Josefina López, Acclaimed Playwright, Screenwriter and Activist

Josefina López, Acclaimed Playwright, Activist, &
Featured Guest on This Week’s Hollywood at Home Podcast

Los Angeles, CA (September 19, 2023): Renowned playwright, screenwriter, and activist Josefina López is this week’s featured guest on the critically acclaimed podcast, Hollywood at Home with The Creative Coalition. Each week, the popular podcast features intimate “living-room” interviews with celebrities from film and television, musicians, best-selling authors and cultural figures alike with unprecedented breadth and quality of guests. 

López is widely recognized for her groundbreaking work in the entertainment industry, using her creative talents to shed light on important social issues. As the author of the critically acclaimed play Real Women Have Curves – which was later adapted into a successful film – López has become a prominent voice for underrepresented communities, particularly Latinx women.

In this week’s interview, López delves into her journey as a playwright and screenwriter, and discusses the challenges she faced and the triumphs she achieved along the way. Listeners can expect to hear about her experiences navigating the entertainment industry, her commitment to amplifying marginalized voices, and her ongoing activism.

Hollywood at Home is available on Apple Podcasts, Google Podcasts, Amazon Music, iHeartRadio, and more.

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Highlights from Hollywood at Home featuring Josefina López: 

On the catalyst behind Real Women Have Curves: “I wanted to celebrate this connection between the women in the sewing factory, because I thought, ‘Here I am in the ‘hood, working in a tiny sewing factory, it’s really hard. It’s really hard work. But every day I go and we laugh so much, and the women talk.’ And, I just felt so connected. I felt valued and a part of a community which is something that I never felt before. And, as a woman, I felt like ‘wow, I really finally love being a woman, I finally see the value of being a woman.’ And I wanted to celebrate that.”

On why Real Women prevailed through generations: “Women are so powerful when they work together. I’m also a Shaman in training, so one of the things I know – energetically speaking – is that women, when you put them in a circle, the frequency rises, things happen, we’re able to bring in energy; all kinds of amazing things happen on that level. Anytime you want to get anything done, you bring a group of women, and it’ll get done.”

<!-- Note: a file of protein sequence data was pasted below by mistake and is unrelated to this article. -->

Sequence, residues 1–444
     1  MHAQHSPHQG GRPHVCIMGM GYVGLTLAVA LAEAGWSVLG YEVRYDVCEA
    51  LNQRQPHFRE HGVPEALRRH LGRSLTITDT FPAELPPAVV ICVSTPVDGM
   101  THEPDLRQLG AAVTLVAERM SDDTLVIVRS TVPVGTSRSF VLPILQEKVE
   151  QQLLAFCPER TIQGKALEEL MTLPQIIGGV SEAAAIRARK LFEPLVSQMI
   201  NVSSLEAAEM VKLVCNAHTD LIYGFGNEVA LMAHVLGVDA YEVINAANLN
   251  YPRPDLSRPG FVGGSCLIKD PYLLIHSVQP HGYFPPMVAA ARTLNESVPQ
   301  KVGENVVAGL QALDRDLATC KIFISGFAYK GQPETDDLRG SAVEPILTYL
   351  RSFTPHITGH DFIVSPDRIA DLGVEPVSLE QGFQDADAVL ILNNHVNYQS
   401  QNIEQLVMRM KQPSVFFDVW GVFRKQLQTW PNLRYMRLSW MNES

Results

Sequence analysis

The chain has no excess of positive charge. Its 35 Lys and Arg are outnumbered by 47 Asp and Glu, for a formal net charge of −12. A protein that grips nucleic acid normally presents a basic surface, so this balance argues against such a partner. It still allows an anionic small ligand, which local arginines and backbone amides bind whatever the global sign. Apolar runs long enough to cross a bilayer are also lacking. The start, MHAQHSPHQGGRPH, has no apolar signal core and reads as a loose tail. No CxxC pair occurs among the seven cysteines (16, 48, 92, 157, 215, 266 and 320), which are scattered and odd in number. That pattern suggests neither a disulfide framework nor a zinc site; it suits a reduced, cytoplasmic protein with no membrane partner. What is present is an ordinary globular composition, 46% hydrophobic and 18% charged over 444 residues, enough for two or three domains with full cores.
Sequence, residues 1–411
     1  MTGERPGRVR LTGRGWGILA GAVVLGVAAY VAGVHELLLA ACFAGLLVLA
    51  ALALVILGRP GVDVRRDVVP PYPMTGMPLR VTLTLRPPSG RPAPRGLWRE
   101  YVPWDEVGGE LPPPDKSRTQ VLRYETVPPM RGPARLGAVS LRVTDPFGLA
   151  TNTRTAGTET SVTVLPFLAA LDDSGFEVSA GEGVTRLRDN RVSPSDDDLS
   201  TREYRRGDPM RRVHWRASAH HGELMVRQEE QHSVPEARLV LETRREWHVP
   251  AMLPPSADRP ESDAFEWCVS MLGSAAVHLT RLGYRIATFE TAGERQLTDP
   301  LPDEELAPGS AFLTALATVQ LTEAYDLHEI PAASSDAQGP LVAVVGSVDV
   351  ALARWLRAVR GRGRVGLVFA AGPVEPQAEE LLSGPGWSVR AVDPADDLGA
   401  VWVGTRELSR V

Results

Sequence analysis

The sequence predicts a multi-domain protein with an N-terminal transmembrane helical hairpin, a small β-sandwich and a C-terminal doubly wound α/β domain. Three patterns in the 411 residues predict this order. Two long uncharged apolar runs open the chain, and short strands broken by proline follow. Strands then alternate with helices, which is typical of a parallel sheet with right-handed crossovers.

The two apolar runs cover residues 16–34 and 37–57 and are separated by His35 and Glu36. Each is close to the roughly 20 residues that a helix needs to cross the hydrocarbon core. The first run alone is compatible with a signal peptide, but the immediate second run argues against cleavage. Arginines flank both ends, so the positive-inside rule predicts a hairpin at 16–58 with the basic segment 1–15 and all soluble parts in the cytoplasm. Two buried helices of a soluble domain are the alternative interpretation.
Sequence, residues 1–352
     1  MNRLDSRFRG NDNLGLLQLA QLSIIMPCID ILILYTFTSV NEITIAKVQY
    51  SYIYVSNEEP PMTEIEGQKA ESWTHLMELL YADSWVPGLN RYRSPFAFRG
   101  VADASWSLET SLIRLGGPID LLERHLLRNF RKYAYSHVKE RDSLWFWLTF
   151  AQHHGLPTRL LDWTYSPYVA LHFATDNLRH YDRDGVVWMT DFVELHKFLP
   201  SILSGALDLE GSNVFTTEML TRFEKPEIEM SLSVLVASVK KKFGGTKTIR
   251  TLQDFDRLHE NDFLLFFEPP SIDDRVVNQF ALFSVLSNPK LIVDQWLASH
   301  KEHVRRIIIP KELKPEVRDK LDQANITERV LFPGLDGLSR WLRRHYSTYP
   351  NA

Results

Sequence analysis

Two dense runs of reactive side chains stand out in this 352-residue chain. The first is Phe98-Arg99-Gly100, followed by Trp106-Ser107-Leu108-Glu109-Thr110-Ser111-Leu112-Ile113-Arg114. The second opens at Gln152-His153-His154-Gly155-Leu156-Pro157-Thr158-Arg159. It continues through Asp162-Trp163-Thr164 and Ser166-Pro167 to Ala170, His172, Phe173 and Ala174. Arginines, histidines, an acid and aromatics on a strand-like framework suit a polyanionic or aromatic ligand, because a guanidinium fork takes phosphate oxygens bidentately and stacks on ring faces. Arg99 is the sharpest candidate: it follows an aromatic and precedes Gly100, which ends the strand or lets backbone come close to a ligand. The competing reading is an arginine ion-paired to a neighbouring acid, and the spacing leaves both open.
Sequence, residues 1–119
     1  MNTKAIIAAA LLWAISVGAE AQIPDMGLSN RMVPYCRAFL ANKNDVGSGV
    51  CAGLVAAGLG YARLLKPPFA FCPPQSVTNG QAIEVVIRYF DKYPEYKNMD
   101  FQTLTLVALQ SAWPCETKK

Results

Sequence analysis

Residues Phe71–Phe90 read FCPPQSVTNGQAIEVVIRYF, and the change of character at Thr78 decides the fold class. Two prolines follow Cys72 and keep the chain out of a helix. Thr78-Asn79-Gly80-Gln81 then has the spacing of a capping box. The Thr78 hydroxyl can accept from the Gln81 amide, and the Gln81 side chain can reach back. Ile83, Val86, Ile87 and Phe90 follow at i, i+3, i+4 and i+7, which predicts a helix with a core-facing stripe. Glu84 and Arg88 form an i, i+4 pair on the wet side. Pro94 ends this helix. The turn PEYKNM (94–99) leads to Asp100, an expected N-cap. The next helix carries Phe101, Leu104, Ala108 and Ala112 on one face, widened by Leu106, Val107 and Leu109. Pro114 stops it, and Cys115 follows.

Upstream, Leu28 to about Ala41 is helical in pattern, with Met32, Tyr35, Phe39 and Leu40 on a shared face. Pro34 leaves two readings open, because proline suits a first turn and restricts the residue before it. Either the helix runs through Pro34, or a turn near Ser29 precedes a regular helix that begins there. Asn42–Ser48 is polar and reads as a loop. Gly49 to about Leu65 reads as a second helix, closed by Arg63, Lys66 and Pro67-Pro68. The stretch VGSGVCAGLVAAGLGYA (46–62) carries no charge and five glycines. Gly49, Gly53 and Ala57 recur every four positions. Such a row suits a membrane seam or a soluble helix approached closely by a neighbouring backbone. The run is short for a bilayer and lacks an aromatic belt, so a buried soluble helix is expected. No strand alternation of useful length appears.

On the Real Women journey: “I remember submitting it to several theater companies in Los Angeles. And I have the rejection letters – they basically said that they didn’t care for my ‘dry diatribe,’ and really racist, sexist things. They didn’t feel it was a dignified way to portray Latinas working in a sewing factory. I really felt like they didn’t understand the word ‘dignity’. Dignity isn’t something that is given to you. It’s something that you bestow on yourself. It’s to say, ‘I have value, I matter.’”

On the dignity portrayed in Real Women: “How could you say these women have no dignity if they’re working class women with very little skills? They’re sewing just like my mother; that was the only skill she could get as an immigrant. She was trying to make money, feed her family, be a housewife, and then come and work in a sewing factory 12 hours a day. That’s dignity…I don’t think people understand dignity. So I’m gonna go show them.”

On having a sense of humor: “I have a sense of humor about everything. A lot of my work deals with very serious subjects. But I always find them funny, so I decided to produce my own play.”

On how the original production of Real Women was produced: “I used student loans for UCLA from a master’s degree in screenwriting. I produced my own play at a tiny theater.”

On what was the hardest part of casting the original production of Real Women: “I produced in a ‘pay-as-you-went’ financial obligation. I did a really successful run and I got a great review in the LA Times. The challenging part was the older woman playing the mother, because that generation of women actors didn’t have opportunities and no pipeline for the casting. I did find a couple actors who were brave enough and felt good about themselves to show their stretch marks.”

More about Hollywood at Home:
Hosted by The Creative Coalition CEO Robin Bronk, “Hollywood at Home” brings listeners intimate portraits, key moments of discovery, and “art and soul” conversations with iconic entertainment industry personalities from the big screen to the boardroom, from L.A. to D.C. Listen now at

Previous guests include Sheryl Lee Ralph (“Abbott Elementary”), Marlee Matlin (“CODA”), Jason Alexander (“Curb Your Enthusiasm”), Alan Cumming (“Schmigadoon!, “The Good Wife”), Patricia Heaton (“Everybody Loves Raymond,” “The Middle”), Eric McCormack (“Will and Grace”), Willie Garson (“And Just Like That…”), Colman Domingo (“Euphoria”), Kerry Ehrin (“The Morning Show”), Wendi McLendon-Covey (“The Goldbergs”), Ken Olin (“This is Us,” “Thirtysomething”), Anthony Rapp (“Star Trek: Discovery”), Grace Caroline Currey (Shazam!), and Alfre Woodard (Clemency, “Luke Cage”), among others.

More about The Creative Coalition:
Founded in 1989 by prominent members of the creative community, The Creative Coalition is the premier nonprofit, nonpartisan 501(c)(3) social and public advocacy organization of the arts and entertainment community. The Creative Coalition is dedicated to educating its members on issues of public importance. The Creative Coalition also creates award-winning public service campaigns, including #RightToBearArts, to promote the efficacy of the arts. Actor Tim Daly serves as the organization’s President. For more information, visit

Media Contact:
Max Jordan
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